Suddenly it is easy to feel rather more upbeat about the way Albion’s season is going.

A remarkable ten days or so has brightened the outlook considerably in terms both of putting points on the board and fans in the stands.

This draw against the champions, secured by a debated VAR penalty which Pascal Gross sent straight down the middle, is part of that process.

That is now four points from a pair of fixtures in which the opposition kicked off with a chance of going top of the Premier League.

Aston Villa were denied that pleasure and, while Liverpool did indeed leave the Amex temporarily in first place, they did not get there in the manner they would have wanted.

If the behind-closed-doors era at the Amex is over for good (and that is still an ‘if’), it ended on a high.

The next time the players walk out on home turf, some of the seats they see in front of them and away to their left will be occupied.

Not many and, of course, it still means the vast majority of season ticket holders will be following remotely.

But every epic journey needs a first step and this one has come a lot sooner than had looked like being the case until recently.

By contrast, good results on the pitch have seemed tantalisingly close all season.

Too many have slipped from their grasp – just as it seemed a first Prem point against Liverpool was about to escape on Saturday.

That changed well into injury time when Stuart Attwell was invited by Kevin Friend to review contact between Andy Robertson and Danny Welbeck which many of us had missed.

With Neal Maupay having put an earlier spot kick wide and then departed with a hamstring injury, Gross stepped up for the subsequent penalty.

Alisson dived to the bottom corner Gross found in the pre-season friendly against Chelsea and the ball went past his feet.

One suspects no one at Albion is working any harder now than they have done all season, be it in terms of bringing in points or being ready for spectators to return.

But the due rewards have started to come.

Head coach Graham Potter said: “As I’ve said before many times, the result you can’t necessarily control. That is why we love the game so much.

“I thought the performance was really good.

“We spoke before the game about our intent in the game and type of game we wanted to see. I thought we saw that.

“We wanted to be positive. I don’t think it is so easy to do against Liverpool.

“The way the world is, because they lost in the week, everybody thinks they are suffering.

“If you saw them play against Leicester a week ago, they were so dominant.

“They have still got in the second half Henderson, Wijnaldum, Salah, Jota and Bobby Firmino and they are quite good players, as I understand it.

“We missed a penalty and we were one versus one with the keeper.

“I didn’t think Liverpool had too many chances.

“We didn’t have loads but we had enough to score and I think in the end, with the performance, we deserved something from the game.”

Potter was answering a question from The Argus as to whether this had actually been a great chance to beat Liverpool.

It was asked knowing it could possibly be seen as an overly-critical view of a positive day.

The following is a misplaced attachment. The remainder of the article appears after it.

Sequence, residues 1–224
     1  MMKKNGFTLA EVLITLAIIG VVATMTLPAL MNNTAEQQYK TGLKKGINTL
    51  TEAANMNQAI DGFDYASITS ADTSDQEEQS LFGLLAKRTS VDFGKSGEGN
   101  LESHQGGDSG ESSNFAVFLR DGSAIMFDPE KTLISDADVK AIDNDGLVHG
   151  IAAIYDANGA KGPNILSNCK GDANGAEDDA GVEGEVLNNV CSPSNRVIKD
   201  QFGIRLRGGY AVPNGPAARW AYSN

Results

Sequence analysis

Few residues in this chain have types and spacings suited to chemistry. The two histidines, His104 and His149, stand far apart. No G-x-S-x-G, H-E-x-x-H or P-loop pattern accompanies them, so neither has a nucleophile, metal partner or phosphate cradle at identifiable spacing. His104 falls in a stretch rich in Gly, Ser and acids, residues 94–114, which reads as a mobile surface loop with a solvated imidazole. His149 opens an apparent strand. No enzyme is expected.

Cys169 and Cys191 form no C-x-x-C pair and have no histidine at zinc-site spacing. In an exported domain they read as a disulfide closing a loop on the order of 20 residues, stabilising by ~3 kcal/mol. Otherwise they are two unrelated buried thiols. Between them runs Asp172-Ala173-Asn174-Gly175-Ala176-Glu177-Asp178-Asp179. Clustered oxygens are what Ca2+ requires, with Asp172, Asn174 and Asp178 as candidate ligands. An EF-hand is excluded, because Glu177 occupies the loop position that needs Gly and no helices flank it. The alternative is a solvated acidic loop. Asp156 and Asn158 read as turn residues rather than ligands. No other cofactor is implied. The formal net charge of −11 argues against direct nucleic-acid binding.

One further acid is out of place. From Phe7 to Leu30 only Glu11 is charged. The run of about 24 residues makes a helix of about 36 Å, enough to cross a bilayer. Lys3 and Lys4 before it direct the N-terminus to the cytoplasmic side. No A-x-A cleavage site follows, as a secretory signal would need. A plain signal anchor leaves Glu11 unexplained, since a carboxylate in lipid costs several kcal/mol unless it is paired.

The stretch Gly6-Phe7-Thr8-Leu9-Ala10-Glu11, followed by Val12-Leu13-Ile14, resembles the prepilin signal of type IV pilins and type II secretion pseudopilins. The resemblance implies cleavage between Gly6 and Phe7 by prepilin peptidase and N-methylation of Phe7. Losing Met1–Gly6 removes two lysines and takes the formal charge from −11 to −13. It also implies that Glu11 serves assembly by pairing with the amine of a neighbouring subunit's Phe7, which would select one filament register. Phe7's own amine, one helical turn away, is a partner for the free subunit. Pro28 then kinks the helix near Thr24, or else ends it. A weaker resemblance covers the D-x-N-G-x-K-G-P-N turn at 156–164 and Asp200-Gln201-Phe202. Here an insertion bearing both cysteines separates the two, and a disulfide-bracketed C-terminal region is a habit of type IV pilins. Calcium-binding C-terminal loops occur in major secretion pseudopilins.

Especially in the warm after-match glow provided by a late equaliser.

But it was based on the way Albion, after a tricky start, created two chances to go ahead which really had to be taken.

One was placed wide by the otherwise impressive Arron Connolly when Maupay played him through and the other was the penalty, after Neco Williams fouled Connolly.

Liverpool’s makeshift backline were fragile in the first half but they had the resources, specifically skipper Jordan Henderson as sub, to rectify matters at half-time.

Mo Salah, who had a first-half goal disallowed by a narrow VAR offside call, was involved in what for a long time looked like being the winning goal on the hour.


Diogo Jota took up the play, stepped inside Ben White and away from Adam Webster before cutting his low shot back past Maty Ryan’s dive.

Salah did not get his customary goal against the Seagulls but Sadio Mane thought he had opened his account against them with a header from a free-kick.

This one, too, was called offside by VAR – when maybe the official on site should have spotted it.

Potter said: “It was like the good news is Salah is coming off, bad news is Mane is coming on!

“But that’s the Premier League. That’s what happens when you play the top teams.

"They made a sub at half-time because they know the game is a tough game and they bring Jordan Henderson on.

“That’s an indication of how well we did in the first half. Then they bring Mane on as well.

“Against the top Premier League teams, they’ve got some fantastic starting players and some fantastic subs.

“Credit to my players, I felt they restricted them to not too much when you consider the firepower they have on the pitch.”

They also had the energy and belief for a big finish.

Alireza Jahanbakhsh really should have headed in when Solly March delivered the best cross of the match.

Jahanbakhsh saw a shot deflect wide soon after the equaliser and the final act was a Webster header over the bar from a corner.

Albion’s first match in an empty stadium ended in a win so maybe the first with fans returning can be marked the same way.

For now, four points from the last two games and a week of preparing to look after people in the stands are reasons to put a spring in the step.

Albion: Ryan; White, Dunk, Webster; Veltman, Gross, Bissouma, March; Maupay (Trossard 25), Welbeck, Connolly (Lallana 63, Jahanbakhsh 71).

Subs Not Used: Steele, Burn, Alzate, Molumby.

Booked: Veltman, White.

Goal: Gross 90+3 pen.

Liverpool: Alisson; Neco Williams (Henderson 46), Phillips, Fabinho, Robertson; Minamino, Wijnaldum, Milner (Jones 74); Salah (Mane 64), Firmino, Jota. Subs Not Used: Adrian, Tsimikas, Rhys Williams, Origi.

Booked: Alisson.

Goal: Jota 60.

Referee: Stuart Attwell (Warwickshire).